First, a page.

Potatoes: History, Descriptions and Uses

The potato, a food staple of people around the world and a major crop even in countries where the potato is not consumed in large quantities, has an interesting history, formed as its cultivation and popularity spread from one continent to another, overcoming myth and religious dogma to eventually achieve its present popularity.

The potato, not to be confused with its cousin the sweet potato or the unrelated but sort of similar yam, was first found growing wild near the west coast of South America around 13,000 years ago and is believed to have been first cultivated about 6,000 years later 11,000 feet above sea level in the Andean plateaus, flourishing where other vegetation would not grow. Peru became a center for potato growing, with at one time, centuries ago, over 200 varieties under cultivation
Russet Potatoes

Russet Potatoes

In the 1530s, Spanish Conquistadors in Peru found them delightful, and by the 1570s began transporting them back to Spain.

Europeans generally were loath to accept this new specie as edible, as the potato, being a member of the nightshade family, was widely believed to be poisonous. Eventually though, Spanish farmers grew large crops of potatoes to feed the poor, and eventually their planting and use as inexpensive food for the needy spread to northern Italy. Eventually potato cultivation and consumption spread to Switzerland,
France, and Germany, in large part as the easy-to-grow and easy-to-prepare crop became a fine preventative of the famines that regularly beset Europe. As the potato also found its way across the channel to the British Isles, this became particularly true in Ireland, where at first it was a salvation to prevent famine, but then through the epic “Potato Famine”, diseases that wiped out their previously massive potato crops caused the country’s worst famines in history.

But, the Irish potato famine resulted in mass immigration of the Irish to the US, and with them the love for and cultivation of, the potato. While some Irish immigrants had brought potatoes to New England as early as the 1710s, or so, large scale cultivation did not begin until the late 18th century, and then for use primarily as cattle fodder and as food for slaves. In the early 19th century, missionaries, sweeping across America and “civilizing” native Americans, brought to them the potato, and by mid-century, gold prospectors heading to the California Gold Rush brought them the rest of the way west. Potatoes had become a major crop in Utah, and it was Mormons moving northward that eventually brought the potato to Idaho, eventually leading to that state’s dominance over the US potato industry.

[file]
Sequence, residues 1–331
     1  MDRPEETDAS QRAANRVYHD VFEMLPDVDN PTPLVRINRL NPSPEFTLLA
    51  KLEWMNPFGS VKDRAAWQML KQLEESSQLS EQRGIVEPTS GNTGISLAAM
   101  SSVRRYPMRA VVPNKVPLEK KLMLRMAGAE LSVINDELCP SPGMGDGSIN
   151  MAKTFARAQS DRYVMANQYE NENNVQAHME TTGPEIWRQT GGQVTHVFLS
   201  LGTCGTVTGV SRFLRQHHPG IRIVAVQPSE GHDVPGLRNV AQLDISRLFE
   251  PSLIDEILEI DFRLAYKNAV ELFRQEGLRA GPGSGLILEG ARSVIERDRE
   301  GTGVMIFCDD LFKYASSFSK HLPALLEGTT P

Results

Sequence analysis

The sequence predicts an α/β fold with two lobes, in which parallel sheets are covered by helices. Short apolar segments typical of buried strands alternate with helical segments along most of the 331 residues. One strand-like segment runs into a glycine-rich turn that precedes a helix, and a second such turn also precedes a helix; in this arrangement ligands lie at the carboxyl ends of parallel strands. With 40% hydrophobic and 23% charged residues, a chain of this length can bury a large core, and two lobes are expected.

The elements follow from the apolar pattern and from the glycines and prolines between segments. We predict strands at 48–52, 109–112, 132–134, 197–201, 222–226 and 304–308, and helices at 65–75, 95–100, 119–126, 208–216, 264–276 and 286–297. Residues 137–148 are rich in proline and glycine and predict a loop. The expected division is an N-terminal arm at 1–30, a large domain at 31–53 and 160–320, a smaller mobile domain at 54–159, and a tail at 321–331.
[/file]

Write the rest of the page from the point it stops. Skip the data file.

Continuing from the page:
These potatoes being grown across America and specifically in Idaho were very different from the originals brought to American by the Irish. In the 1870s, Luther Burbank had developed a new type of potato, the rough-skinned Russet Burbank, which by the 1880s became the dominant crop in Idaho. Eventually, one-third of all US-grown potatoes, and 99% of all Idaho potatoes, were to be Burbank or other similar varieties of the Russet. In recent years, there has been a proliferation of new potato varieties becoming available and gaining popularity. In fact, though, many such varieties are not
really new, but are rather types that were little thought of or cultivated in numbers for decades (or centuries) but which have regained interest, and popularity, in a modern culture desirous of new and different foods, fueled by today’s immediate spread of information across the country and the world.

But the popularity of the potato as seen today and in the recent past was not always so, for very specific reasons. As stated above, when the potato first arrived in Europe, it was thought by many to be poisonous, and many groups thought dangerous on religious and other grounds. In fact, before refrigeration, as with other foodstuffs, potatoes were prone to rotting when stored for a long period, and potatoes could develop toxic alkaloids. But, the myths of the dangerous and possessed potato went much further, with a wealth of reasons being advanced to
Potato And Onion Storage Baskets

See Storage Baskets and Bins
for your Potatoes

not grow and eat potatoes:
  • In Scotland, Protestant ministers said potatoes were ungodly because they were not mentioned in the bible
  • Religious people felt that anything that grew so deep in the earth was a tool of the devil and that only vegetation that could easily be pulled from the dirt, like a carrot, should be eaten
  • Others were fearful of the fact that when put in water to cook, potatoes turned the water dark, and they believed potatoes would do so to the earth (and maybe to them?)
  • Priests in France in the early 17th century believed that potatoes caused leprosy
  • Protestants in part of Europe thought the potato to be an aphrodisiac, which to many in those days was probably a worse result than leprosy
  • The snobbish aristocracy believed for generations that the potato was the food of the poor and lowest classes, not fit for society’s upper crust. This was even seen in America, with John Adams once saying during the time of the revolution that he would rather eat “potatoes and water” than submit to the English
Today, potatoes are the world’s number one vegetable crop, and while the Chinese rarely eat potatoes, they are
Heirloom Potatoes

Heirloom Potatoes

the world’s number one potato producing country.